So the other day I posted the following on google+:
Watching the Beowulf CGI movie from a few years and thinking about Dawning Star has made me want to run a Fading Suns game about a crew of Voldrok helping a previously lost world deal with an ancient AI and the monsters it creates using the genetic engineering facility under its control. Lots of big heroics, doomed last stands, all that sorts of stuff but with plasma pistols, force shields, broadswords, and spaceships with draconic, gargoyles carved onto their prow. But like I have enough time for that.
Which Samhaine said was a tease. Fair enough. It has sort of highjacked my brain for the past few days, except I've been thinking about running it using a modified version of the Song of Ice and Fire RPG to make use of the house system. Samhaine has already done some work in that direction, plus a lot of the work in A Song of Dirt and Wind can be re-purposed towards that end. In the process of doing so it put me to thinking about the house system.
In addition to putting in some tweaks during my previous SoI&FRPG campaign, I've already done some work on the house system for A Song of Dirt and Wind. Plus I've dome some freelance work for Green Ronin, writing the wildling chapter of the sourcebook on the Wall and beyond, including modifications to the house system to better represent the nomadic tribes of wildlings. And on top of that, I've done some work for the setting-less Chronicle system books that involve the house system. So, in short, I've put a lot of time into thinking about the system, including what I would change about it.
Make no mistake, I love the house system. It's a great way to tell a story authentic to the Song of Ice and Fire novels, plus I love metamechanics that bring the party together by sharing a cause, resources, goals, etc. The SoI&FRPG campaign I ran a few years back was probably one of the best I have ever run. The system has been fun to write and create within, but all those positives aside, there are some aspects I would change (and will change within my own hacks of the system) given the chance.
And those are, in no particular order:
1. Comparison Tables: This isn't really a mechanics thing, but the tables displayed in the beginning of Chapter 6 regarding what various ranges of the house stats mean is way off. The point totals listed for the North, for the whole Seven Kingdoms, etc, are way too small if each land holding is only a few miles across. Those need to be revised or just taken out.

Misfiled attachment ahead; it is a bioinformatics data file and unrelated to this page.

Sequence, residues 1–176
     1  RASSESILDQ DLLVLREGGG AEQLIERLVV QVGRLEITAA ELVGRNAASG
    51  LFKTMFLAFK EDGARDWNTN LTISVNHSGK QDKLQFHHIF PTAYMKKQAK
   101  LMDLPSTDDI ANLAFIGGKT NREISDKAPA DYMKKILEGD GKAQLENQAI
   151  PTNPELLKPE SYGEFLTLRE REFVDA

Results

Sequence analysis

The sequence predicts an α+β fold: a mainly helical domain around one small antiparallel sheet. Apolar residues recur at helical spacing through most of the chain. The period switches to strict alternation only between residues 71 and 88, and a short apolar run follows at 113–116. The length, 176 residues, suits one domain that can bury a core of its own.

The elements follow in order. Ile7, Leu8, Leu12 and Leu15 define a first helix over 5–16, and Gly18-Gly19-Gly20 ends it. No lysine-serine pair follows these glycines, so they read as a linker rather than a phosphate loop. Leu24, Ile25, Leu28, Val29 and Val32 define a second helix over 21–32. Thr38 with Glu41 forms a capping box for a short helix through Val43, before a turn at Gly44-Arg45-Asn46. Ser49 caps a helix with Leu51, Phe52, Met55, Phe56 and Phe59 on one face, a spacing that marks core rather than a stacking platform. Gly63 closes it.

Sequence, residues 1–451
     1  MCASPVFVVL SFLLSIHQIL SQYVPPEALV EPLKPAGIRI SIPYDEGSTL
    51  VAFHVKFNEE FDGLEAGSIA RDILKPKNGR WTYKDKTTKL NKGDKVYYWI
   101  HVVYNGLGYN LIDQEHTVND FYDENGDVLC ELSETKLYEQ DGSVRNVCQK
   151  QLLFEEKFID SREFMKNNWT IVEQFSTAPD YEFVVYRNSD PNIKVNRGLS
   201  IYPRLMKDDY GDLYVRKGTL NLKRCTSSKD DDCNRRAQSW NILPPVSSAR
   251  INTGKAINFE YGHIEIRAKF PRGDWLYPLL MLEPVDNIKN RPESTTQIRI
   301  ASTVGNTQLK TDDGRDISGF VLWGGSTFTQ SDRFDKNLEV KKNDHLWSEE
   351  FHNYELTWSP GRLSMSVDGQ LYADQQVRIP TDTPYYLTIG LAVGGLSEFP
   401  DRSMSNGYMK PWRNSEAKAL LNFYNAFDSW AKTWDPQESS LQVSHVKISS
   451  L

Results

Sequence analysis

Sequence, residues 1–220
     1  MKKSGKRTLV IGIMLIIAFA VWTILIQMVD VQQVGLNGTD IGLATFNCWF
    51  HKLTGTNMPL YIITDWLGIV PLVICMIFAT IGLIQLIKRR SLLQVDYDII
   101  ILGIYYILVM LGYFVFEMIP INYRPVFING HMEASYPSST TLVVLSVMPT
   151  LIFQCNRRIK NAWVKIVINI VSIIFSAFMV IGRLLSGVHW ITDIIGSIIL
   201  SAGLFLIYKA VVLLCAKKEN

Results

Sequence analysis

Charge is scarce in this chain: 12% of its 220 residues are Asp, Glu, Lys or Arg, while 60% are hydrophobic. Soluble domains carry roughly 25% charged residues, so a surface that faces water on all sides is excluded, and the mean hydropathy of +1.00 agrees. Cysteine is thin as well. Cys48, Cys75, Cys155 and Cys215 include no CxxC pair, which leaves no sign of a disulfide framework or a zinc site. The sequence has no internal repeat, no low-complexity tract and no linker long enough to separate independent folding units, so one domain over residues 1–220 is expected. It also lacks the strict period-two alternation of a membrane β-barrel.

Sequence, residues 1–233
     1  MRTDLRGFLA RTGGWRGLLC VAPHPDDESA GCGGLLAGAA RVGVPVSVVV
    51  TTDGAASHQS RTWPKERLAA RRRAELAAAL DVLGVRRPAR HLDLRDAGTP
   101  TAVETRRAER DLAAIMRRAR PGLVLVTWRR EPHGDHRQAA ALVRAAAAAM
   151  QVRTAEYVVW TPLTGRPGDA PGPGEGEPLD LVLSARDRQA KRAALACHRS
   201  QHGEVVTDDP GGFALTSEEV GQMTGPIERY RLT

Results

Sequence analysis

2. House History: The house history table is completely borked. You roll 3d6 on the table and see what historical event the 3-18 result indicates happened to your house, with the results naturally skewing towards the middle due to the probabilities of using three dice. This would be fine, but the table is in alphabetical order, not order of severity or rarity. So you've got some really awesome and terrible results right in the middle of the table among the most common numbers rolled, as opposed at the top or bottom where they should be to not screw houses so often. It's really easy to get a slew of punishing tragedies due to this table. Easy fix overall, but important. Definitely going to fix for A Song of Dirt and Wind.
3. House Stats: Some of the house stats are just counters that inflict penalties or bonuses on house fortune rolls dependent on their value (Law and Population), while others are pools that are used to buy upgrades for the house (Defense an Power), while others can be spent to gain specific advantages but also function as upgrade pools (Wealth and Influence). These need to be unified in some fashion, especially since Law and Population do pretty much the exact same thing. I think turning each into an upgrade pool in some fashion is probably the best bet, with those upgrades then providing some of the bonuses the stats previously supplied. For example, population holdings could add to house fortune rolls in much the same way that high population does. This would take some finagling to hit the exact benefit/drawback curves the stats currently have (like Population being bad if you get too much of it), but I think it would help overall. This would mean holdings like the following: